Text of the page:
In the summer, most homeowners are focused on keeping their homes cool. However, there's another aspect of your home's indoor air that deserves just as much, if not more, focus: humidity. High humidity is often an issue in the summertime, and it can lead to a range of issues from mold growth to warped wooden floors. In order to keep your home safe from these woes, it's important to know the basics of indoor humidity.
What is the ideal indoor humidity, and how can you measure yours?
Experts recommend keeping indoor humidity below 50%. If you can get yours down around 40%, that's even better. You can measure your humidity using a device called a hygrometer, which can be purchased at most hardware stores for a few dollars. Some are made for outdoor use while others are intended for indoor use, so read labels carefully when shopping.
Most of today's hygrometers are digital. They will take a sample of the air, measure the amount of moisture it contains, and report the percent humidity on a little screen.
What are some consequences of high humidity?
The best known consequence of high humidity is probably mold growth, which can surely lead to health issues as well as the destruction of your property. Bacteria also like to breed in moist environments, so you're more likely to become ill in a moist home. Your wallpaper may start separating from the walls due to the moistening of the paste that holds it to the wall. Condensation may stain your walls and other items.
How can you reduce your home's humidity?
If your humidity is just a bit on the high side, you can likely get it under control just by running the air conditioner. Central air conditioners work not only by cooling the air, but also by removing moisture from it. When using the unit with hopes of lowering humidity, make sure you keep it on constantly rather than turning it off in the daytime. You don't have to keep your home cooled to 68 degrees F when you're not in it, but maybe keep it at 74 or 75 degrees F during the day. This will keep moisture levels from creeping back up, so the unit is not so over-taxed when you cool the home more thoroughly when you're home at night.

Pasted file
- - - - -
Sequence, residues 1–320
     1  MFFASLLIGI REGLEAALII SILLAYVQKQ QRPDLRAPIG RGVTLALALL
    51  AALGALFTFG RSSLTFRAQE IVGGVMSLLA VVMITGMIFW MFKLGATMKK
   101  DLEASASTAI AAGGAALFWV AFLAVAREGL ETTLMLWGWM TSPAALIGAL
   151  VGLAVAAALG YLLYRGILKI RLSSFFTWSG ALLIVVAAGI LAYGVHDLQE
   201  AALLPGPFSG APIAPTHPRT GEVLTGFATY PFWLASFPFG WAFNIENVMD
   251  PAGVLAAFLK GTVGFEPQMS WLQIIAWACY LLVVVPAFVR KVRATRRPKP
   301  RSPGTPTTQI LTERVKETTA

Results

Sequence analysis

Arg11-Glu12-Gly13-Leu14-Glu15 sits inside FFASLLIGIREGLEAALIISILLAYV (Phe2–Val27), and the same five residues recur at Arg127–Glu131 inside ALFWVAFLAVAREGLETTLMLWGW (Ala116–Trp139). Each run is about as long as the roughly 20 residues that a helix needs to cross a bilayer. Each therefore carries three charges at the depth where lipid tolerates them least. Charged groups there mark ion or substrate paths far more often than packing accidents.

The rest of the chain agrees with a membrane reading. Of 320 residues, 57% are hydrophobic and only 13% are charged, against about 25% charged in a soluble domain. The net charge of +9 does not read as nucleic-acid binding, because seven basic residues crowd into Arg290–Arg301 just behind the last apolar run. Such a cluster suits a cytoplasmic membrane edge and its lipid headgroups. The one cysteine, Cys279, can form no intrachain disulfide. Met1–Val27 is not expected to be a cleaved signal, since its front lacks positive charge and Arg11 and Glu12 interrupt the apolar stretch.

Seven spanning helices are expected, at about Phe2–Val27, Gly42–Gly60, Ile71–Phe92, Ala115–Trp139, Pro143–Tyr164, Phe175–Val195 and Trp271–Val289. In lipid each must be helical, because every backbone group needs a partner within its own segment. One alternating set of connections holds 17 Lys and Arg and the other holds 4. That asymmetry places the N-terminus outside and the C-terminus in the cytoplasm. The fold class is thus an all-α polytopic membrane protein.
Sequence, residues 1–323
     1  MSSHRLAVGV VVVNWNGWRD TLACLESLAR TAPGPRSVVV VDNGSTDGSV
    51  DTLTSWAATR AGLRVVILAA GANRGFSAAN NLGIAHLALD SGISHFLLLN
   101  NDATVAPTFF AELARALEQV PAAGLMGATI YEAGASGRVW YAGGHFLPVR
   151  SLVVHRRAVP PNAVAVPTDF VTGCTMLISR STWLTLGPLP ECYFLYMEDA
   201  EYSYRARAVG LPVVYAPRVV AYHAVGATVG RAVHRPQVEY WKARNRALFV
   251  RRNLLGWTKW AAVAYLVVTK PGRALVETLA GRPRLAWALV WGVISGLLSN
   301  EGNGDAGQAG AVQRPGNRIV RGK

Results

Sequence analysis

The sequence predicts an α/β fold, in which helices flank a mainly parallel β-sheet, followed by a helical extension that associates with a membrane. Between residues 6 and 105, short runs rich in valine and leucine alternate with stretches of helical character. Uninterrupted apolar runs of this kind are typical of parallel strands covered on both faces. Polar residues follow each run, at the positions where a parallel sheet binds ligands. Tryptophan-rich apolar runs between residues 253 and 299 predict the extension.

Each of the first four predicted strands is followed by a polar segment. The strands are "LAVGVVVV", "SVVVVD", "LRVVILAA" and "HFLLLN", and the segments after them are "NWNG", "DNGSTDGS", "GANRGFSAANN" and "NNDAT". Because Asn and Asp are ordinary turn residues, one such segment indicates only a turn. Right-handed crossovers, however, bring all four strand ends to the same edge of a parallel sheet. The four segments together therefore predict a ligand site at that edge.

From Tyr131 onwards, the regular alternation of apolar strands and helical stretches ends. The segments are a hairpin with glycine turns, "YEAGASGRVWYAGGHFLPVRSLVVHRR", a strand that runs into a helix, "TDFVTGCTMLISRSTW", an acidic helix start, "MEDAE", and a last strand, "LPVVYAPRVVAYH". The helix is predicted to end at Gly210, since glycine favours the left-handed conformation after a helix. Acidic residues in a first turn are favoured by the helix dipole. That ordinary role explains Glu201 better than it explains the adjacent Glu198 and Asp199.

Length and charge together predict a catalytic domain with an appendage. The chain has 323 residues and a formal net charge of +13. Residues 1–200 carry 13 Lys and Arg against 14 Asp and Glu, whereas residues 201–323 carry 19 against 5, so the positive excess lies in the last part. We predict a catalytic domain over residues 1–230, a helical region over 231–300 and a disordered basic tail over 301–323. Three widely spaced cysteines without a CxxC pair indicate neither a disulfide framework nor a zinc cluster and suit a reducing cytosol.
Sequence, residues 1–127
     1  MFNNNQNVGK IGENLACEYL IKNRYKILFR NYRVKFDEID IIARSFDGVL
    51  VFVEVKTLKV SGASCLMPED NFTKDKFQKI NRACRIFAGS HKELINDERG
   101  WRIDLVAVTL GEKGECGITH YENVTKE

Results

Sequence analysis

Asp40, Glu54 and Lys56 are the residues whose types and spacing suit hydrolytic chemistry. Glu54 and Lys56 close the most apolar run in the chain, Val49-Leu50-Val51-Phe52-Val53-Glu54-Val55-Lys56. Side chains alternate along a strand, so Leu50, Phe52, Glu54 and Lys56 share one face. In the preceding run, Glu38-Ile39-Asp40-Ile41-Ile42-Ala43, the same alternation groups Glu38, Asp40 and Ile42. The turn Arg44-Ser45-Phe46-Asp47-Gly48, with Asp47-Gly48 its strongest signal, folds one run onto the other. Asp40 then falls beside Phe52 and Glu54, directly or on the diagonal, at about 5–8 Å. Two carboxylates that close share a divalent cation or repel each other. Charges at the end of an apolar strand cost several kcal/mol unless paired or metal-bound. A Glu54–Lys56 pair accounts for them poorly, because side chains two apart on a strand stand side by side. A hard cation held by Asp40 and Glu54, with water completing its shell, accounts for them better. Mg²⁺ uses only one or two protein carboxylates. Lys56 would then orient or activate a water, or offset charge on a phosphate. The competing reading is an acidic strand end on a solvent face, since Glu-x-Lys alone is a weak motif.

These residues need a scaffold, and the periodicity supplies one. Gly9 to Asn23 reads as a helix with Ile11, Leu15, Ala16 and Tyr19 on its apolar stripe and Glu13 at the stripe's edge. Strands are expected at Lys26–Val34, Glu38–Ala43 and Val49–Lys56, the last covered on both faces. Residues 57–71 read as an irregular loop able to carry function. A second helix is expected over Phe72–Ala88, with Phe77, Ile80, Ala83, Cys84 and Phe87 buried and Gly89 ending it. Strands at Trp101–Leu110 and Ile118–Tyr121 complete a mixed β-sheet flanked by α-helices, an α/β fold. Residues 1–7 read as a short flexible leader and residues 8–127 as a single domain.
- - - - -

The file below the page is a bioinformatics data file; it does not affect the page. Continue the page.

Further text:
Also, keep your windows closed. Resist the urge to open the windows to cool off the home on a cool night. You might save a little on your electric bill, but you'll also be letting the humidity right back inside -- leading to all of the mold, illness, and damage issues discussed above.
What can you do if your air conditioner is not lowering humidity effectively?
If you live in a very humid area or have a home with a lot of air leaks, then your air conditioner alone may not be able to keep your humidity levels in the healthy 40 - 50% range. In this case, you'll want to have a whole-home dehumidifier added to your HVAC system. This type of unit will remove moisture from your air as it is cycled through your air conditioner and blower, so the air throughout the entire home stays dryer.
If you cannot afford a whole-home dehumidifier, an alternative would be to purchase a small, portable dehumidifier and place it in the room where you're having the most issues with moisture. You can even move it between several rooms. It won't do as thorough of a job at treating the whole home as a dehumidifier integrated with your HVAC system would, but it's better than nothing.
If you want your home to be a healthy, happy place, then keep an eye on your humidity levels. For more information, speak to your HVAC specialist. They can analyze moisture issues in your home and give you personalized advice as to how to improve them.